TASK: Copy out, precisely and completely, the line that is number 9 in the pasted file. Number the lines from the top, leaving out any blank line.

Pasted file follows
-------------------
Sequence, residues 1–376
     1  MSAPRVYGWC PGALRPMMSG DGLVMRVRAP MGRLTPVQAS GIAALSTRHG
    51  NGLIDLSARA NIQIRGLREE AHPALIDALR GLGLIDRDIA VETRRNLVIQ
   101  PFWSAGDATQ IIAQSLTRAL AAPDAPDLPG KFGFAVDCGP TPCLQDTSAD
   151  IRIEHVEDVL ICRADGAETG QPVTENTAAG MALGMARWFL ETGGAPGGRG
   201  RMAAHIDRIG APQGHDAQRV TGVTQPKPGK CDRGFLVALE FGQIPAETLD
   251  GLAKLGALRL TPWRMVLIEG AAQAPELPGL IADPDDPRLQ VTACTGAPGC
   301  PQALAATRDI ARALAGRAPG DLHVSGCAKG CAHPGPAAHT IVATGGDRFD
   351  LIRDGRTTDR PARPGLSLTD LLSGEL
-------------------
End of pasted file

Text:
   351  LIRDGRTTDR PARPGLSLTD LLSGEL